Try packing your succulents tight, tucking smaller ones in next to the bigger ones. This will help them adhere better. Continue until you’ve used all your succulents and/or when you feel like you’ve used enough to create the look you are going for.
Step 7. Add Decorative Moss (optional)
After I finished with the succulents I also added some decorative moss. This is totally up to you as it is not essential to helping the succulents survive but is, as I mentioned, purely for decoration. I simply used some hot glue and tucked a few bits of this decorative moss here and there to fill in a few areas. It adds to the layered, textured look of my piece. At this point I still wanted to keep some of the wood showing so I was careful not to add to much.
Artistry of your Succulent Planter
There is no “right or wrong” when it comes to the overall look of this project. Think of it as art because that’s really what it is. Here are some ideas to think about when creating your art:
- Keep some of the wood exposed rather than covering every inch with succulents. The texture and color of the wood can add contrast and interest to the overall project.
- Think of your piece as a three-dimensional sculpture. You may want to display your driftwood project as a centerpiece on a table, in which case it would be seen from all sides. Don’t forget to turn your piece around so that you consider the view from all angles.
- Just as you are varying the shapes, sizes, colors and varieties of succulents, you may also think about attaching them to your driftwood at different angles. Unless your driftwood is totally straight (and some are) and unless you are going for a more modern look (which is also a great option).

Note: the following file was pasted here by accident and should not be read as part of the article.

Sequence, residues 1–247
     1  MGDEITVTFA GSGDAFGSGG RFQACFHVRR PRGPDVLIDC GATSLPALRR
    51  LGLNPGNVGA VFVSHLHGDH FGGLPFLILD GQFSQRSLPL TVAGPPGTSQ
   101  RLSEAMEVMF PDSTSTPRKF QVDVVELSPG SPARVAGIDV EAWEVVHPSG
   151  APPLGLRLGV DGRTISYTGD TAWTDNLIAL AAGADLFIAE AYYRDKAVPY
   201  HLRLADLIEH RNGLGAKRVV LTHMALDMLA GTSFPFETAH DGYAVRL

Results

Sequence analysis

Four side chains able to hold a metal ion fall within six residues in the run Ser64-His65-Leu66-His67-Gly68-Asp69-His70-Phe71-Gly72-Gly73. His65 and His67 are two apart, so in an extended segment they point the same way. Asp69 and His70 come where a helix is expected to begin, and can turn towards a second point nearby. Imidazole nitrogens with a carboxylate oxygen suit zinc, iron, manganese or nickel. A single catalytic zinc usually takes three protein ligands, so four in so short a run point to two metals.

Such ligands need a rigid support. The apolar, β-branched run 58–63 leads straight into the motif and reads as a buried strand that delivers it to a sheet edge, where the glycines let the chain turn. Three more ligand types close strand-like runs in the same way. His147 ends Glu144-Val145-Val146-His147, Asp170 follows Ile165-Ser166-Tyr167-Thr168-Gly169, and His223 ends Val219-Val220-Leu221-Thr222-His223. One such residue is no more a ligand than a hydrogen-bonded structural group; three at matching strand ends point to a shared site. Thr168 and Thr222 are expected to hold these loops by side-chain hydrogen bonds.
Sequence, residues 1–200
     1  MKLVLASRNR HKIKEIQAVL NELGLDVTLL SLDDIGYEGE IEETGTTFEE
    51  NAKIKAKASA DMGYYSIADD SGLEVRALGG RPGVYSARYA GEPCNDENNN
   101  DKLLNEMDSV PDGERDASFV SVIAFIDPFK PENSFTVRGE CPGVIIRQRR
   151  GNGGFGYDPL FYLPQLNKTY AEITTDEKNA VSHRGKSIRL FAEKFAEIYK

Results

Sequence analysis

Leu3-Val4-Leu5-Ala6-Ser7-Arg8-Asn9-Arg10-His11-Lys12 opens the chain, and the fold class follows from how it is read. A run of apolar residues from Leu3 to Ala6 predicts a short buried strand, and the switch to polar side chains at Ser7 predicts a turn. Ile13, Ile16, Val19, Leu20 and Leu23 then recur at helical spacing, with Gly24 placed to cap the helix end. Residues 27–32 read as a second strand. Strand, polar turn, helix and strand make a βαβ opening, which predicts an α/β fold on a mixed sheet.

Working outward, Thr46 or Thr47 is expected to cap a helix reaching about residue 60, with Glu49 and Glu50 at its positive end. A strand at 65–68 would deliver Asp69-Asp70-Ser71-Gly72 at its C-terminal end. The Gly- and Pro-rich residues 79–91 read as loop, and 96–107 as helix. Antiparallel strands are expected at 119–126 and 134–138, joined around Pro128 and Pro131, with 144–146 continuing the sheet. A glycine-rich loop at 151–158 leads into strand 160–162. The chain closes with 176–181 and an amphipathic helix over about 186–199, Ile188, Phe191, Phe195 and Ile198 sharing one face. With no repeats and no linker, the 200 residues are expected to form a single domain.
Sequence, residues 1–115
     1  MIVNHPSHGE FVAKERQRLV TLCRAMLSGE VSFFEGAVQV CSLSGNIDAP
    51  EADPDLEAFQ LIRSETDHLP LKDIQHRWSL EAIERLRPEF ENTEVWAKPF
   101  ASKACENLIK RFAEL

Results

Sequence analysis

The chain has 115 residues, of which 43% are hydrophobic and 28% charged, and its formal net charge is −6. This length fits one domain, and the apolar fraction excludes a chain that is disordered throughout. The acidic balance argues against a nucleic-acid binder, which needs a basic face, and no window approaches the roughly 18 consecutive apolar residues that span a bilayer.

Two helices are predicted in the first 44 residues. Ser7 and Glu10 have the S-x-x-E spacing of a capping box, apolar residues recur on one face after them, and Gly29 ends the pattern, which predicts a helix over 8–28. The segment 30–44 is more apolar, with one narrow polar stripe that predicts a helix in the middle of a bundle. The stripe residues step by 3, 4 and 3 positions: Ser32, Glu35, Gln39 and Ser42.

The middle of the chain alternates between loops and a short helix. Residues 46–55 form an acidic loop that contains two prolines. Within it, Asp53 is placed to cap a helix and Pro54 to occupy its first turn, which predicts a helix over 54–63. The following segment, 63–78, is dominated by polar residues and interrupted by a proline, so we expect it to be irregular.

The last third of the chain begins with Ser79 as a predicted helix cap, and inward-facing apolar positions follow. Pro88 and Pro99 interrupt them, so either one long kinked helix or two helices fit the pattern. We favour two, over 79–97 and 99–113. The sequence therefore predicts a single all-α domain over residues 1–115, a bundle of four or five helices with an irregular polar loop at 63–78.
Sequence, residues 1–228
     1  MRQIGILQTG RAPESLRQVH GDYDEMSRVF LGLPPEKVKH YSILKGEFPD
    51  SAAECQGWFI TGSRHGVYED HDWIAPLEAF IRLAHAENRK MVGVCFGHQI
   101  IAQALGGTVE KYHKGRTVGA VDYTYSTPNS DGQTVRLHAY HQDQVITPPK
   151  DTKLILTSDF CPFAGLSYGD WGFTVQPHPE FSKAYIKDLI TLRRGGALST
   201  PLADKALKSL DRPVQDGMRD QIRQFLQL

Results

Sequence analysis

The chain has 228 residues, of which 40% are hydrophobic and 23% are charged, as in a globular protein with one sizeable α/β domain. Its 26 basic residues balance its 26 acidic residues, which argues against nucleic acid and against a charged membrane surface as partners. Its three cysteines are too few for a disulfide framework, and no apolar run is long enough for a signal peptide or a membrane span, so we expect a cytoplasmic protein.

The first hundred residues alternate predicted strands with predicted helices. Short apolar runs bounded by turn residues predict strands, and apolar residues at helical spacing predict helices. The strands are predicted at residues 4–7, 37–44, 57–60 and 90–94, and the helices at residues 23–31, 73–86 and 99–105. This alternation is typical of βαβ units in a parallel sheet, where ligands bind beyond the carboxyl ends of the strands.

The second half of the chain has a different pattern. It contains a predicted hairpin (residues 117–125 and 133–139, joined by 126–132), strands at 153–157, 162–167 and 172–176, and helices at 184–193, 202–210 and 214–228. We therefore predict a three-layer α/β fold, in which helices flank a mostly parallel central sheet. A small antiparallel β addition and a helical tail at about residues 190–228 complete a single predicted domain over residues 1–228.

- You may want to try follow the same wandering, organic flow of the driftwood and avoid placing each succulent in a “perfect” line. If you are like me I sometimes have to fight doing things “perfectly.”
Step 8. Watering and Maintenance of Your Succulent
Do not water right away. If you soaked your moss they will absorb the water they need from that. Give them a few days for them to “recover.” You can use a spray bottle or a watering can to soak the moss and the driftwood which will both hold onto enough moisture to help keep your plants healthy.
Everything you read about how to water succulents talks about how much it varies from region to region. If you live in a dryer climate, you guessed it, you will have to water much more frequently. If you live in an area that is very mild and humid you will find you need to water much less frequently. For container planting or areas where you have used soil and maintained the roots, the rule of thumb is that you want to soak the roots and the soil (in our case, the moss) to encourage the succulents to establish themselves or at least last as long as possible.
Adaptation for other types of succulent containers
If you’re thinking of planting succulents in other types of containers you will need to adopt these steps and your materials a bit. Succulents need drainage so make sure you use a fast drying succulent soil like this one and that your container has drainage holes. And an important tip when planting succulents in containers, be sure to plant above the rim of the container so that plants won’t ever sit in pooling water.
Have Fun with Your Succulents
If this is your first adventure with succulents then you are probably as excited (and nervous) as I am. Like any new adventure, enjoy it. Consider your first try as an experiment. Because plants react differently to every new environment consider your first planting with succulents a learning experience. Watch them closely. Before you water them check the moss to see if it’s dry. Don’t over water. You will likely find that some varieties will do better than others. Consider replacing those that don’t seem to thrive with others that are doing better. You may want to research different types of succulents and choose varieties like air succulents that don’t require any soil.
A Family Affair
My husband and kids are so excited about our new “Live Succulent Sculpture.” They even asked that we place it center stage on our kitchen island where we can admire it. I have a feeling placed here it will get all the love, care, and attention it needs to thrive. We are already planning our next beach combing trip to look for more driftwood. Everyone wants to make one of their own. Now I call that success.